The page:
Who is the core customer? How are you acquiring customers? And how will you grow the customer base?
TP: As a platform, we love and welcome creators who are experts in one or two areas but recognize that elevating or consolidating their content and customer experience is a requirement for retention and growth.
As a team, we provide leadership to creators who have built big audiences on their own but are looking for a tech and marketing team to guide them through a successful, repeatable launch.
In terms of acquisition, growing a company is always tricky. In the early days, you have to experiment with all sorts of different growth tactics. Currently, our customer acquisition is mainly through warm referrals and other touchpoints, such as landing pages and on-page interventions, clever funnel hacks, and cross-channel sales outreach.
Similar to the early days of direct-to-consumer ecommerce, there is still a lot of ego and money being spent on expensive one-off app or website builds. However, we have conversations with creators and businesses daily that see value in a full-stack team and turn-key platform as a better investment in growing their business.
Looking at your road map, what are some of the milestones you’re targeting over the next 3-6 months?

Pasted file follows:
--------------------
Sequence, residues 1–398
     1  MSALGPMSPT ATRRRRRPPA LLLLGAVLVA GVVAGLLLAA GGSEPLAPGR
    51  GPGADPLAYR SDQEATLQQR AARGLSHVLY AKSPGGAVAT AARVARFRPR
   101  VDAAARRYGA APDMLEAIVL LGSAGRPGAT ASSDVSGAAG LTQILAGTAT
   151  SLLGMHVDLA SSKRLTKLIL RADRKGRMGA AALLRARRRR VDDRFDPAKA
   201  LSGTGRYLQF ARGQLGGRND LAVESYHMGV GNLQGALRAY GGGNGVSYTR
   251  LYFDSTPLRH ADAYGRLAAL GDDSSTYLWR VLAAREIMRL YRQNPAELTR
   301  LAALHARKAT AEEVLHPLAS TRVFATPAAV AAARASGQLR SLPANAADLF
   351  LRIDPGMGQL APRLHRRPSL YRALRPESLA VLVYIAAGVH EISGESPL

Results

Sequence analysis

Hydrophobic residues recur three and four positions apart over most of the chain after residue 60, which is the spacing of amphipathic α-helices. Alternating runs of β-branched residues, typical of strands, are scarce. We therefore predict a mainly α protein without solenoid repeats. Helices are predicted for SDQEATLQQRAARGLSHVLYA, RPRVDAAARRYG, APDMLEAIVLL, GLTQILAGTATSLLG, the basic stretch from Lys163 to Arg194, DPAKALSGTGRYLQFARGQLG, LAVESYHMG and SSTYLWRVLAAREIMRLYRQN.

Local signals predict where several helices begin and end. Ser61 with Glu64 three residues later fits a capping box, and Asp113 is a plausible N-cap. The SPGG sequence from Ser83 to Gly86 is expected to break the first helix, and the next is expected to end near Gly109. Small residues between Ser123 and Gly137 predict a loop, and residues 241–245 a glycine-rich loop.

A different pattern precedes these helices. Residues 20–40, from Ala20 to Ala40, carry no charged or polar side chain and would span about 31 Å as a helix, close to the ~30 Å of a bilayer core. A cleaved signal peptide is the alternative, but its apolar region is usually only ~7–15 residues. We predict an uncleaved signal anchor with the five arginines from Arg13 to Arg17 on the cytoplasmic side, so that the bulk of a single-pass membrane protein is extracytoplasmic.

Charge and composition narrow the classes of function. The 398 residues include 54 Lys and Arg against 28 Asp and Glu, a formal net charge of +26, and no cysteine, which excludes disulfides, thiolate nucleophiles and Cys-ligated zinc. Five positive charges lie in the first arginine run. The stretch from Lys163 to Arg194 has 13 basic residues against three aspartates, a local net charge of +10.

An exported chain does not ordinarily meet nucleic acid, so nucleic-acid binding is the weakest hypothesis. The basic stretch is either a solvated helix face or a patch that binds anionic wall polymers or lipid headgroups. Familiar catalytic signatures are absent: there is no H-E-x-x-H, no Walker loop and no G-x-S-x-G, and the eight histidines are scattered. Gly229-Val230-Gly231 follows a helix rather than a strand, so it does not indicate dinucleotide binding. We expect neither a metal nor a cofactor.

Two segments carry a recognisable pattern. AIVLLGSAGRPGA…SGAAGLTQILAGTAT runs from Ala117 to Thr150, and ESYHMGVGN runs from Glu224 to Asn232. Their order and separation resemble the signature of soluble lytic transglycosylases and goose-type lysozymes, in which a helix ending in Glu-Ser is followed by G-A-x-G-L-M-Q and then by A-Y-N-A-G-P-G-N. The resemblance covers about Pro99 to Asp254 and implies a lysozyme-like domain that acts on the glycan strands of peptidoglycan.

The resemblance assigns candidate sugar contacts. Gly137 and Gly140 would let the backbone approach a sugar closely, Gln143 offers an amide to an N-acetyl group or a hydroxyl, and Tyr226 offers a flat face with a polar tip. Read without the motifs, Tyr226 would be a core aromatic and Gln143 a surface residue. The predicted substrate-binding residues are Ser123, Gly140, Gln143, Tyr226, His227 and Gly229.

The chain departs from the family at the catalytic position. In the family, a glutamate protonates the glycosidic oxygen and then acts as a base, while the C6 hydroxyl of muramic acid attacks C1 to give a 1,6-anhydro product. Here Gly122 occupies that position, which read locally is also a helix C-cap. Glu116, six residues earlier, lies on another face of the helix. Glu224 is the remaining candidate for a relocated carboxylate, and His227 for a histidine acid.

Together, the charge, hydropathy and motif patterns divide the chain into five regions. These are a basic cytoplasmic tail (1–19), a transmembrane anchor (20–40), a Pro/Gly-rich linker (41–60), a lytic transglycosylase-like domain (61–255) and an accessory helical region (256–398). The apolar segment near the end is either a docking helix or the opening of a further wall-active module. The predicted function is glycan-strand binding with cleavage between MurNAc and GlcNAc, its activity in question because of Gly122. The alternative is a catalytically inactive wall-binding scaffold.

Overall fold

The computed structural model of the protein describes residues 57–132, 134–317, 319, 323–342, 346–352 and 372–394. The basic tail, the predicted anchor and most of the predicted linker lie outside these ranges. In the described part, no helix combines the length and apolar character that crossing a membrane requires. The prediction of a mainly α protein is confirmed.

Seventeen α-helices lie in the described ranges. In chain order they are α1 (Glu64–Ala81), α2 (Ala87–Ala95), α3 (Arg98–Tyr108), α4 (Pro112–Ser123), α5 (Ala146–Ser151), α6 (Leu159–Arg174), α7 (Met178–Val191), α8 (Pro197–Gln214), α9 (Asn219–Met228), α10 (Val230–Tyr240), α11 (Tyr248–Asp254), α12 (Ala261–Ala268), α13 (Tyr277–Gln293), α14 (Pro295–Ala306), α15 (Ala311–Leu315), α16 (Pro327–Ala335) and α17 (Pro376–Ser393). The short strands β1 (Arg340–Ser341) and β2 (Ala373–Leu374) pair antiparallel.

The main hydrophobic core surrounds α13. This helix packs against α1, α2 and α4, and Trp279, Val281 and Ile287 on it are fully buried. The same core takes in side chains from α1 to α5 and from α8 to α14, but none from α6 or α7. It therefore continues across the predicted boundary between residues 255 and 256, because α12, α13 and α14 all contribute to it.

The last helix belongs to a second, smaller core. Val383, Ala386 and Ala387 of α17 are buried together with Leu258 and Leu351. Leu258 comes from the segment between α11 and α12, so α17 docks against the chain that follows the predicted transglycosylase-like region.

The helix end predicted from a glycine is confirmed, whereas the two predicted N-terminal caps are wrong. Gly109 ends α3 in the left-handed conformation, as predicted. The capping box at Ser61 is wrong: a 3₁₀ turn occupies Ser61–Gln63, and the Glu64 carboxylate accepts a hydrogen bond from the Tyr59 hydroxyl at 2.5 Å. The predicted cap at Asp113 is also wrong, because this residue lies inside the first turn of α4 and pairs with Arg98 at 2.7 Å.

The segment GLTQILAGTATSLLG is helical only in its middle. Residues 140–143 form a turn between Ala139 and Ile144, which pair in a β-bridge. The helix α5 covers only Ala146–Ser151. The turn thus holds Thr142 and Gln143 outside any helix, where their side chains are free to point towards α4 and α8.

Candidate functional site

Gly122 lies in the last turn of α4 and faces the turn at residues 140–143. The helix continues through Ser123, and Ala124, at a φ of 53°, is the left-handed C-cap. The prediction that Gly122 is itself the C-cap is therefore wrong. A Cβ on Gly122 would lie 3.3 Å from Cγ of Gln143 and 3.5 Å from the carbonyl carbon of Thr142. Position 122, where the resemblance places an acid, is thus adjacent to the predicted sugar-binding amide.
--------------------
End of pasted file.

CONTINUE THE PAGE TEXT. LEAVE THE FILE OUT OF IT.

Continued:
TP: Everything we do relies on building the right team, so a big focus of ours is hiring. We design and build everything in-house, and we’re hiring a founding engineer!
We’ve recently spun up a program called Superset+, which we believe is the agency-platform model of the future. S+ is a white-glove service providing creators with structure and expertise on launch marketing, product design, go-to-market strategy, funnel optimization, and more.
And we’re constantly pushing updates to Superset to improve the creator and consumer experience, so stay tuned for more updates!
Anything else you’d like to share with readers?
TP: I know this is said a lot in the creator economy, but in nearly every category out there, digital content creators really are the future. Long gone are the days of celebrities and influence gate-kept by large-scale media outlets.
Each year, more and more people are coming online, building enormous audiences with the phone they have in their hand. The number of people turning to online fitness and nutrition is a big slice of that pie has been dramatically accelerated by COVID-19, and we’re still at the very beginning of this platform shift. We’re pumped to be part of this transformation.